Garden

Heliotrope, Vanilla flower. Blue sage - Heliotropium arborescens


Generalitа


to the genus heliotropium belong about two hundred and fifty species of plants, widespread in most of the temperate zones of the planet; Heliotropium arborescens is a herbaceous, perennial, evergreen plant, originating from Perщ. The leaves, dark green in color, are wrinkled, with deeply marked veins; in spring and summer it produces small flowers of deep purple, white or lilac, gathered in large racemes, which bloom in succession; the flowers of H. arborescens give off an intense scent of vanilla. This plant is often grown in hanging baskets, to better enjoy the scent of flowers; generally it reaches the 40-50 cm of height, it is therefore indicated for the cultivation in container, but also in the borders. All parts of the heliotrope are toxic if ingested; from the flowers an oil used in the perfume industry is extracted.

Exposure



It is advisable to place the heliotrope plants in a sunny place, where they can enjoy a few hours of shading in the afternoon; specimens of vanilla flower, also called blue sage for the characteristic flowers they produce, can withstand temperatures close to zero, but in places with very cold winters it is advisable to cultivate the heliotrope in a container, in order to store the vases in a cold greenhouse when the autumn cold arrives; often Heliotropium arborescens is grown as an annual.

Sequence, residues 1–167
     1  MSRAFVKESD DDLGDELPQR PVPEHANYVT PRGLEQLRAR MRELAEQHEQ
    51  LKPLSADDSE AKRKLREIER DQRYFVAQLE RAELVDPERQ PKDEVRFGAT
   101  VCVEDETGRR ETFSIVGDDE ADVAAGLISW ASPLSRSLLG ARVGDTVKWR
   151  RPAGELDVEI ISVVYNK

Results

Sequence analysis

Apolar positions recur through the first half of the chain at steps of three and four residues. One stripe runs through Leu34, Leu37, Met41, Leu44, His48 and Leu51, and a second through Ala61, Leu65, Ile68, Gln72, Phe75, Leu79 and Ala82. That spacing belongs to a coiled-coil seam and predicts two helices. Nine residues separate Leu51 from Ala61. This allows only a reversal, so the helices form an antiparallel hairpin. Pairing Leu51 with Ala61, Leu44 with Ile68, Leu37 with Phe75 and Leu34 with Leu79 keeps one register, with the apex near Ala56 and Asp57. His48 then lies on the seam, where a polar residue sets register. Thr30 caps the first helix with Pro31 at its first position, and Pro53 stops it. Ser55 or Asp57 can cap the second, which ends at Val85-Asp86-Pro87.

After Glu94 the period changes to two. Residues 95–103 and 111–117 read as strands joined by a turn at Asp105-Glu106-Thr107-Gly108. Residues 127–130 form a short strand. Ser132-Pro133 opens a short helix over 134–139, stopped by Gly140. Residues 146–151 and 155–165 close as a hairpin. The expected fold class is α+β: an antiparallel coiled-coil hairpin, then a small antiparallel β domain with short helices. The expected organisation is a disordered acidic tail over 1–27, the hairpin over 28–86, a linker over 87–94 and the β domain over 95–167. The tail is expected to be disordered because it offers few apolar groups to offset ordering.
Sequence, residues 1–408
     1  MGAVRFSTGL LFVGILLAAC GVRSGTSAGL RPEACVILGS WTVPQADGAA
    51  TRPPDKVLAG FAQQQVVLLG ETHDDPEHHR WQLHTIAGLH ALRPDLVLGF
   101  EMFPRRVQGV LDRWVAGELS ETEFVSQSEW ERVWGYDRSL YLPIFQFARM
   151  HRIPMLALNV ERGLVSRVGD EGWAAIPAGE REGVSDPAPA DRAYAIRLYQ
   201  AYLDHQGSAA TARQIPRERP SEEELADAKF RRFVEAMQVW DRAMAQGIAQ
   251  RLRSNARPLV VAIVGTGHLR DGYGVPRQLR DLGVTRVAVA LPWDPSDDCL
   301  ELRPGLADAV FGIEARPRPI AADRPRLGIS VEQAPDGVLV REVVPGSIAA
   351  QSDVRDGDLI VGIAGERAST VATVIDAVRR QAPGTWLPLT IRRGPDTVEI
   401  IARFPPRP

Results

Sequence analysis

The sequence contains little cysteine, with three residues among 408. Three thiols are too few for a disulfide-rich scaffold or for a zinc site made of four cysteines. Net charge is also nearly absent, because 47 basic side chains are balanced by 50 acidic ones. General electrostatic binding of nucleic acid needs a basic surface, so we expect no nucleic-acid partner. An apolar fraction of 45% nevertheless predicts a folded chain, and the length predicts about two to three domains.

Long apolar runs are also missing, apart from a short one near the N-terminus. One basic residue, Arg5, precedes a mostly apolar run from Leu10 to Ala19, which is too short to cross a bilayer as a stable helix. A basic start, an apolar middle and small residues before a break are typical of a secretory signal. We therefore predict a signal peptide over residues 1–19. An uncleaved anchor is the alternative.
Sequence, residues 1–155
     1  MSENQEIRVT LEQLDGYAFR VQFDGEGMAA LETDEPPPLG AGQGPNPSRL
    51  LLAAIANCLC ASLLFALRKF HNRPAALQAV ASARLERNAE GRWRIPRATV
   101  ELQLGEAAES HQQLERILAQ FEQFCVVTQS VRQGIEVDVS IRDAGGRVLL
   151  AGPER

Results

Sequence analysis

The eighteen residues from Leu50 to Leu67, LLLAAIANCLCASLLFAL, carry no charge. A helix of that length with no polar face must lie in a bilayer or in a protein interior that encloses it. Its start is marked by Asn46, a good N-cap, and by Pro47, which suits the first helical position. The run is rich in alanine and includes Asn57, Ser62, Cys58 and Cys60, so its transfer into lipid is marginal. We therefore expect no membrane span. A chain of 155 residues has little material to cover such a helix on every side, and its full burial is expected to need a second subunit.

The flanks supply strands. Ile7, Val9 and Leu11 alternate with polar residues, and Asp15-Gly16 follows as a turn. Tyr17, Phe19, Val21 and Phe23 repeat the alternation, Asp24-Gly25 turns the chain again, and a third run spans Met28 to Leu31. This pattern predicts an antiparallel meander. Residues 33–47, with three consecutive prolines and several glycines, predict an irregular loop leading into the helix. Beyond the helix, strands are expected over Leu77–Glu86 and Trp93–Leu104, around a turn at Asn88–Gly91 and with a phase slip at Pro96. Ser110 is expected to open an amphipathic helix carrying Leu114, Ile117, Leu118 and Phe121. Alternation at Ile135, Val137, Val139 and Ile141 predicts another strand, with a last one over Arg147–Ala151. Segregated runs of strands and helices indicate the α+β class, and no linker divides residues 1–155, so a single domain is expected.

To obtain a compact and densely branched shrub it is advisable to cut the specimens of vanilla flower grown in the ground, in early spring.

Watering



Blue sage plants do not tolerate drought, especially during the very hot months; from March to October it is therefore good to water the specimens of vanilla flower regularly, wetting the ground in depth, always allowing the soil to dry slightly between one watering and another, but in such a way that it can retain a certain degree of necessary humidity for plants and checking that water stagnation does not form which could compromise the health of blue sage specimens. In the vegetative period, supply the heliotrope specimens with fertilizer for flowering plants, every 15-20 days.

Ground



the heliotropium arborescens are grown in a rich, very well drained, dissolved and fresh soil; you can use a good universal soil, mixed with little sand or perlite.
The ideal soil allows a correct drainage so that the formation of water stagnations dangerous for the development of vanilla blossoms is avoided.

Multiplication


The multiplication of the plants of this variety to obtain new specimens takes place by semi-woody cutting in spring, sometimes the twigs root with great ease and the cuttings can be rooted directly at home; in autumn and spring it is possible to proceed with sowing.

Heliotrope, Vanilla flower. Blue sage - Heliotropium arborescens: Pests and diseases



Specimens of this genus appear not to be affected by pests or diseases. For this reason it is not necessary to intervene with preventive treatments based on insecticide products.
It is possible that plants of this kind show signs of suffering if the environment in which they live is excessively dry and the humidity in the air is too low.